Tag: healing

A guide to positive life transformation!

Habits: Your life-changing guide. How to transform your mind, body & life. The 21 Day Plan

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Wouldn’t it be great to see a positive transformation in your mind, body, and life in just 21 days?
Can you succeed in 21 days? While it certainly can take longer, depending on circumstances and personality, to form lasting habits, studies show that 21 days is a reasonable minimum to begin establishing your new healthier lifestyle. Just view these 21 days as the first in a series of small consistent steps toward a new, happier, and healthier you.

At its core, transforming your life is about taking responsibility for the areas of your life over which you have control. However, this book is not about quick fixes. Real transformation is about working through your “storms” to become stronger. It is about developing an attitude of mastery over yourself.

Dr. Vidhya Kumaranayakam has developed a robust program designed to kick start your personal transformation!

In Habits: Your life-changing guide, How to transform your mind, body & life, Dr. Kumaranayakam shares her professional perspective as an experienced Doctor and Clinical Director for Mental Health and Learning Disabilities on creating positive habits in your life. As a Board Member and Lecturer for the esteemed Royal College of General Practitioners, Dr. Kumaranayakam brings real expertise to her 21-day kick start program.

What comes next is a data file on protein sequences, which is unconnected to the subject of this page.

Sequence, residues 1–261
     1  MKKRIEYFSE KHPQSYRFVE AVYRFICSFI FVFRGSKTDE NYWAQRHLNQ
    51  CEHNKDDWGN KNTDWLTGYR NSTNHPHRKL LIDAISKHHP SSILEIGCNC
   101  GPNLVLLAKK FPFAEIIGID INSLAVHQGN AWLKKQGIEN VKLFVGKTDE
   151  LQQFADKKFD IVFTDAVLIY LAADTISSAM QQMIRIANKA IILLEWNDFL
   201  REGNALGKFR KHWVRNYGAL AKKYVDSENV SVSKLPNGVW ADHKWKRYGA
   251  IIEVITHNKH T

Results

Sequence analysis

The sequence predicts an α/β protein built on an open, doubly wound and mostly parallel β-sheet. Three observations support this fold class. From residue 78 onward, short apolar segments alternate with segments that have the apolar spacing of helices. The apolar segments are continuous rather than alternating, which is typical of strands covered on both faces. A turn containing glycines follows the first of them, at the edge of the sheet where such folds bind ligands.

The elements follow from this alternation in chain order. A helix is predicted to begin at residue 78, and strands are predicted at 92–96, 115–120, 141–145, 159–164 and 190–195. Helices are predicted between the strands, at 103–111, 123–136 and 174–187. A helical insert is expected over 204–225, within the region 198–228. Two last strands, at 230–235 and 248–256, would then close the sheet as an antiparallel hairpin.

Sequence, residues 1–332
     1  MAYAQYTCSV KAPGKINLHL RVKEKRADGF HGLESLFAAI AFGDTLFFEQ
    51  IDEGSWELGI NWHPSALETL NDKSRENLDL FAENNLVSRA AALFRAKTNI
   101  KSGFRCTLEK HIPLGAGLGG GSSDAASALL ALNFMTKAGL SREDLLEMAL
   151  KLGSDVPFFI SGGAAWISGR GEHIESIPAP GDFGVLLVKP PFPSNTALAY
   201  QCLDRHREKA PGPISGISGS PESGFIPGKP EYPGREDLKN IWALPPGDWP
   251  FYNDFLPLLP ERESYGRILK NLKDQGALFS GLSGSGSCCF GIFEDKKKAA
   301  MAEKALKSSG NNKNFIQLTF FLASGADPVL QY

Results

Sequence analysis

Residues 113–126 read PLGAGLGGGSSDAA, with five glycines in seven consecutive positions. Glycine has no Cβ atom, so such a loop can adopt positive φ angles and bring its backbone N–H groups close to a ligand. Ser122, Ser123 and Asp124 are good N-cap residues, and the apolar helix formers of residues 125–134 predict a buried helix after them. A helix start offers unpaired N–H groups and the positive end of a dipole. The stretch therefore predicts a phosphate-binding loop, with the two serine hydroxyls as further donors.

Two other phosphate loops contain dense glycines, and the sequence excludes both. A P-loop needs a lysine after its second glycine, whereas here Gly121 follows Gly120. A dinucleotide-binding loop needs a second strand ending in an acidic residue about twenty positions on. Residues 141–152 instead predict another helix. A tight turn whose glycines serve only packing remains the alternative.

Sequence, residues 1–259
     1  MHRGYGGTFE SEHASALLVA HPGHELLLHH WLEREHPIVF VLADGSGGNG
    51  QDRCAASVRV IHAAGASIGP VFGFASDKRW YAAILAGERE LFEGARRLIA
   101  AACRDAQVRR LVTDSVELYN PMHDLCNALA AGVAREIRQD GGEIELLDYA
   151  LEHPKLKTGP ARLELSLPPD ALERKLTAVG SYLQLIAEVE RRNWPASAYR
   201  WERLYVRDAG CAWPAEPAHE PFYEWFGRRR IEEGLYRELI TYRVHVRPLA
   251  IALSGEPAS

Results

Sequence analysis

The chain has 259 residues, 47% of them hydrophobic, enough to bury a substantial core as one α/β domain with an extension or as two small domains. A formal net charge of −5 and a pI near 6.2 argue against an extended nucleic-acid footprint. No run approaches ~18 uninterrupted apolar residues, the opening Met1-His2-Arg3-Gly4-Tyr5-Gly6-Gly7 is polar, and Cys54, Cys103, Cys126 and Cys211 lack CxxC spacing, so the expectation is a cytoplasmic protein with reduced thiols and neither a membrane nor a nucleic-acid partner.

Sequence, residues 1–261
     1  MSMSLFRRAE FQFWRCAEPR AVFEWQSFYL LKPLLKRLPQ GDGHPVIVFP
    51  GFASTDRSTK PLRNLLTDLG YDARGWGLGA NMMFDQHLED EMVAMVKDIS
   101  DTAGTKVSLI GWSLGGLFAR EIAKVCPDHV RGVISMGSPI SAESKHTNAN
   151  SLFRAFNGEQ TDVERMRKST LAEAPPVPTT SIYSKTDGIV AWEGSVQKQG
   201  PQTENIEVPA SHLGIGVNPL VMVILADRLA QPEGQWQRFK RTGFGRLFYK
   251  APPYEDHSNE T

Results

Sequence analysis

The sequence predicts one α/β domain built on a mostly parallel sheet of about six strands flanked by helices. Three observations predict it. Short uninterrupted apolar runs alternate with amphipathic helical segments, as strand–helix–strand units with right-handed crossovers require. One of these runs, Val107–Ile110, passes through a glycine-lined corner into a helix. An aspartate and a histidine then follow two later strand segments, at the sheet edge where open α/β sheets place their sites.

In this fantastic book, Dr. Kumaranayakam outlines her remarkable program. This program is designed to help the reader develop new positive daily routines, better self-discipline, and healthier eating habits. It is a program she developed, tested, and succeeded with herself

In Habits: Your life-changing guide, you will learn:

• How to achieve a transformational mindset.

• Secrets to reducing stress.

• Training habits designed to awaken your inner warrior.

• Guidelines and recipes for deliciously healthy eating.

• Keys to creating new and healthier life habits.

• How to leverage your new habits to maintain your transformational process.

My thoughts …

While I have not actually tried the author’s program, it does seem to be practical, and based in real medical science blended with a holistic approach to healthier living. I may give this program a try and see what happens!


About the author

transformation

Dr Vidhya Kumaranayakam is a Medical Doctor in the UK with over 10 years of clinical experience. Vidhya trained at Barts and The London Medical School. She has a background in Academic Medical Education, and has served as an Examiner and Lecturer for several London Medical Schools.

Currently, Dr. Kumaranayakam is a practicing GP and works in the National Health Service (NHS) based in London, previously having been a Partner for 5 years. Vidhya sits on the board and is a Lecturer for a Faculty of the Royal College of General Practitioners (RCGP).

Dr. Kumaranayakam also serves as the Clinical Director for Mental Health, Learning Disabilities, Audit, London Hospital contracts, Medicines and Research and other disciplines, for a North West London NHS Clinical Commissioning Group.